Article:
A young woman and her boyfriend were waiting in front of me. I remembered her, especially. She was very attractive in a cheap sort of way; you know the type who wears spike heels even on trips to the hardware store. Her long, streaked hair was arranged in a style that was supposed to look casual but probably took her an hour to do. She wore silver hoop earrings and bright fuchsia lipstick. I would never wear a shade like that. It positively screams: “Look at Me!!!” I can just hear my mother now. Anyway, her partner was hanging on her every word. He was younger and less sophisticated. I wondered how long they’d been together.

She was an attention seeker, making a show of choosing just the right colour for their bedroom. She chattered on at him, saying it should be a restful tone that would make their space feel like a retreat, a place they’d want to be all the time. I could just imagine what he’d been thinking—and it wasn’t about wall colours! But he’d nodded anyway, as though he’d known what she meant. “I love the name,” she’d whispered to him in her husky voice. “Don’t you think ‘Dusk’ is the perfect name for bedroom wall paint?” I remember thinking, that guy standing there in his Blue Jays ball cap, he didn’t have a clue.

Joanne used a screwdriver to pop the top from the can, then stirred the paint with a fresh stick. The end was stained a deep mauve. I suppose it was a dusk-like colour if you had a good imagination. Joanne nodded and smiled at them. Her yellowish teeth, slightly overlapped in front, were displayed for all to see when she gushed, “Oh, I like that colour! Most people don’t dare go for the really bright ones.” The young woman, clearly flattered, agreed as her boyfriend reached for the two heavy cans. They must have had a big bedroom.

Finally, it was my turn. Joanne turned towards me. I noticed she wasn’t wearing a wedding ring, and her nails were short and ragged. Her ruddy cheeks and broad forehead had a faint sheen, and I figured she was probably going through the change. “Busy today!” she chirped, and then asked how much paint I’d need. I gave her the dimensions of my small washroom and asked what she’d recommend. She nodded approvingly at my paint choice, and I imagined her thinking: here’s another lady who’s not afraid of colour.

She headed over to the mixing machine, secured the can, added three squirts to the base coat, and hit the button. Everything began to shake. Her ginger hair looked dry and shapeless, with threads of gray visible. She needed a good hairdresser. Her red smock rode up in back, caught on her ample hip. There was a smear of white close to the hem. It annoyed me, somehow, that these things weren’t important to her.

It seemed to take forever for the machine to stop its rumbling and quaking. She removed the can, carried it over, lifted the lid, stirred the paint, and held the stick out for me. “Oh no,” I said, “this won’t do at all; it doesn’t have enough intensity.” Joanne peered at me. “The colour usually darkens up a bit when it’s on the wall.” She sounded petulant, but I held my ground. “Even if it does, it still won’t be right. I think it may need more cadmium yellow.” She looked surprised at that.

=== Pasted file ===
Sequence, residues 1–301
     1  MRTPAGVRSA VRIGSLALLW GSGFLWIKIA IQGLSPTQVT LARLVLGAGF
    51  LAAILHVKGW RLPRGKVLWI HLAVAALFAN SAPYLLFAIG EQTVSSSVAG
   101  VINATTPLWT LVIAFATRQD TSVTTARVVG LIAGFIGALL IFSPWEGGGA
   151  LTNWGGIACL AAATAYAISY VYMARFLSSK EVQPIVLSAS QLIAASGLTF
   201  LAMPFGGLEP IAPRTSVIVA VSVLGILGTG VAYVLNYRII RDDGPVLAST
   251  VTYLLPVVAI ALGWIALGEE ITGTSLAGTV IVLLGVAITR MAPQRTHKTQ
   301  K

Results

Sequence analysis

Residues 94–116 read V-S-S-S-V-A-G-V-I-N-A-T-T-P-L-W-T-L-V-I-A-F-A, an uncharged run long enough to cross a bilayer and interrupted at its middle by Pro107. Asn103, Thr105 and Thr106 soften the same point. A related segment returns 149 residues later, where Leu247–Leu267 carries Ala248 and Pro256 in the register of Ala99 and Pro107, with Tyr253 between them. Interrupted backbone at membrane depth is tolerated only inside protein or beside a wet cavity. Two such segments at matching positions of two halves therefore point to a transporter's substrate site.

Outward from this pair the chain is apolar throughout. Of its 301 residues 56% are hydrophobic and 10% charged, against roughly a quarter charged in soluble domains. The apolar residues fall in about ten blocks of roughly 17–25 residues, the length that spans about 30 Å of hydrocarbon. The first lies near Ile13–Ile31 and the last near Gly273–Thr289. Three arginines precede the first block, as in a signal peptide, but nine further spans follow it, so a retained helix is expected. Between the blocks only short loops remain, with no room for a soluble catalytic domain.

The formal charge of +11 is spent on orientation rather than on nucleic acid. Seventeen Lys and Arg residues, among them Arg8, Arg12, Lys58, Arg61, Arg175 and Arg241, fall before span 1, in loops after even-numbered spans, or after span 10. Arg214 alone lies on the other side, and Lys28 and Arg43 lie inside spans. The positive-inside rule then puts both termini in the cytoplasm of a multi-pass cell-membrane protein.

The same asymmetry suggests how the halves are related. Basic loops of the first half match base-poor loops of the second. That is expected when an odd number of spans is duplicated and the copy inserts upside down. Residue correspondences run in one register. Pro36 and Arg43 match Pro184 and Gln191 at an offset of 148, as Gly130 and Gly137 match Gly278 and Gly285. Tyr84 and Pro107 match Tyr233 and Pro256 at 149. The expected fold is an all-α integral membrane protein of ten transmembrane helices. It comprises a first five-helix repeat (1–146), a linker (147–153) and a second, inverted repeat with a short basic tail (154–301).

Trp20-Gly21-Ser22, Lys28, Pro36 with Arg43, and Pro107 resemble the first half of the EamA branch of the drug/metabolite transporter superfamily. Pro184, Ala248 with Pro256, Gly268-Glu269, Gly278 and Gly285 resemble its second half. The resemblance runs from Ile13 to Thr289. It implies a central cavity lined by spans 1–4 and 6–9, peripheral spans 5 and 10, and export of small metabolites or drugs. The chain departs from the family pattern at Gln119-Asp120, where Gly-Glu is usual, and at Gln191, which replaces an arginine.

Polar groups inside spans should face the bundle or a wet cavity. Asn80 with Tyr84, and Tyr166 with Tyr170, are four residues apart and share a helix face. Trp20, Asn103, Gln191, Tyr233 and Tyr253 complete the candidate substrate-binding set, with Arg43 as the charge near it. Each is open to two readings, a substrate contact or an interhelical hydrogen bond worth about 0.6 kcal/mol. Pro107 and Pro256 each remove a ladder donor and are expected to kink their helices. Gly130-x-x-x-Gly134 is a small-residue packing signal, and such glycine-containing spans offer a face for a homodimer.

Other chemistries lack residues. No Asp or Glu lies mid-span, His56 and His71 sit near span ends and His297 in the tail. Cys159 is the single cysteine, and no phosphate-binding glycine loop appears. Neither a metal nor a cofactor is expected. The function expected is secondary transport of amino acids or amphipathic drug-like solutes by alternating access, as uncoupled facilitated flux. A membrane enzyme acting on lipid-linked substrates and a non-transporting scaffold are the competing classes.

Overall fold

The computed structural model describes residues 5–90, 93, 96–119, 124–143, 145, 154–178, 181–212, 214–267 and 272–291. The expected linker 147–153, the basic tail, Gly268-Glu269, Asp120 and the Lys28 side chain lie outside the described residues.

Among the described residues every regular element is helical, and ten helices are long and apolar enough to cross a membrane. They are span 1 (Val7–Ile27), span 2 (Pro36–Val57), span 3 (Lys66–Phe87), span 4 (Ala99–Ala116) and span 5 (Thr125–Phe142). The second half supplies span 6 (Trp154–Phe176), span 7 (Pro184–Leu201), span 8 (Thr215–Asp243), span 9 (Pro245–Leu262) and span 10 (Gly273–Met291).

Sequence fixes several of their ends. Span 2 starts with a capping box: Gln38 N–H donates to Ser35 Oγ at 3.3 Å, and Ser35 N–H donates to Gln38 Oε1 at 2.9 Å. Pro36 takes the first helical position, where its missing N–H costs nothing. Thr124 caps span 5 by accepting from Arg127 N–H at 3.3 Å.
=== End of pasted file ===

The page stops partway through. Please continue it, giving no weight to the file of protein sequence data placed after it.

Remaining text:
I saw her sizing up the line before turning back to the machine. There were three or four people behind me clutching paint chips by that time, but it didn’t matter. I needed the precise hue of the leaves that flicker on my burning bush each fall. There’s something about their steadfast colour that always lifts my spirits. I think it’s because everything else is fading, growing dull and lifeless.

The home decorating books tell you to go with wall tints that inspire you. When I explained it to Siobhan, she suggested my crazy lifestyle might lend itself more to calming blues and soothing greens reminiscent of waving meadow grass. She’s poetic that way, at times. Normally, I find it endearing. But when she said it that day, it made me furious! I felt like she didn’t know me a bit, not even after all these years.

How could she possibly understand? She knows Mother and Dad, of course, but how could she know what it’s been like living with them until their new home is ready. Right now, there’s only a sign in the middle of a mud pit on the other side of town. It reads: “Future Site of Whispering Winds Seniors Complex. A state of the art facility catering to all needs.” It sounds good, but they’ve been with me now for almost three years! My small condo is overrun with packing boxes that they refuse to put in storage. “Why waste all that money?” they’ll ask if I try to bring it up. I can’t find the toaster half the time, and my living room window is almost blocked. My drapes, which took ages to find, are smooshed up against the wall. I’ll probably never be able to get all the wrinkles out. How would she deal with that?

Just thinking about Siobhan’s comment makes me mad all over again. I’ve always been careful not to let it show. We’ve known each other since early days at the Housing Authority. She left her position almost twenty years ago to start a family; of course, she could do that with someone else to support her. I’d slogged on even though I only ever considered it a temporary position until I found something better. It got so that it was impossible to leave. Whenever I mentioned it to Dad, he said it was terrible to be so ungrateful and that I should feel lucky to have a pension and all those benefits his generation had worked so hard for. They never had all this, and here we are taking it for granted. I stopped broaching that subject a long time ago.